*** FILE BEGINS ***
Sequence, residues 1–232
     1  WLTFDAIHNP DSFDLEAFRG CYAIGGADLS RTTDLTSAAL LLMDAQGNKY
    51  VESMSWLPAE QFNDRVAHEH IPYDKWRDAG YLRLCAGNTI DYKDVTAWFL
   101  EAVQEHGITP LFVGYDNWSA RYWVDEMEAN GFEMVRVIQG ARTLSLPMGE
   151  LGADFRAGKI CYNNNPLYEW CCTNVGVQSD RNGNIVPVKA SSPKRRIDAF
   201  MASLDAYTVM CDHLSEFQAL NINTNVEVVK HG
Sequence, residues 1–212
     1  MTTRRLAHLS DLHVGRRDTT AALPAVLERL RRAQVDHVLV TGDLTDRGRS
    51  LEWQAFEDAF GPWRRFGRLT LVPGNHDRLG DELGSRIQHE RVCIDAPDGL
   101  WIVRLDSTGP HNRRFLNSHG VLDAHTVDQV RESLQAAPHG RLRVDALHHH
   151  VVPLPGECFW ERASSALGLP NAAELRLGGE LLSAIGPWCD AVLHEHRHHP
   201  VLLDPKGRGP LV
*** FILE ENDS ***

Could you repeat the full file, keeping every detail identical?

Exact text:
Sequence, residues 1–232
     1  WLTFDAIHNP DSFDLEAFRG CYAIGGADLS RTTDLTSAAL LLMDAQGNKY
    51  VESMSWLPAE QFNDRVAHEH IPYDKWRDAG YLRLCAGNTI DYKDVTAWFL
   101  EAVQEHGITP LFVGYDNWSA RYWVDEMEAN GFEMVRVIQG ARTLSLPMGE
   151  LGADFRAGKI CYNNNPLYEW CCTNVGVQSD RNGNIVPVKA SSPKRRIDAF
   201  MASLDAYTVM CDHLSEFQAL NINTNVEVVK HG
Sequence, residues 1–212
     1  MTTRRLAHLS DLHVGRRDTT AALPAVLERL RRAQVDHVLV TGDLTDRGRS
    51  LEWQAFEDAF GPWRRFGRLT LVPGNHDRLG DELGSRIQHE RVCIDAPDGL
   101  WIVRLDSTGP HNRRFLNSHG VLDAHTVDQV RESLQAAPHG RLRVDALHHH
   151  VVPLPGECFW ERASSALGLP NAAELRLGGE LLSAIGPWCD AVLHEHRHHP
   201  VLLDPKGRGP LV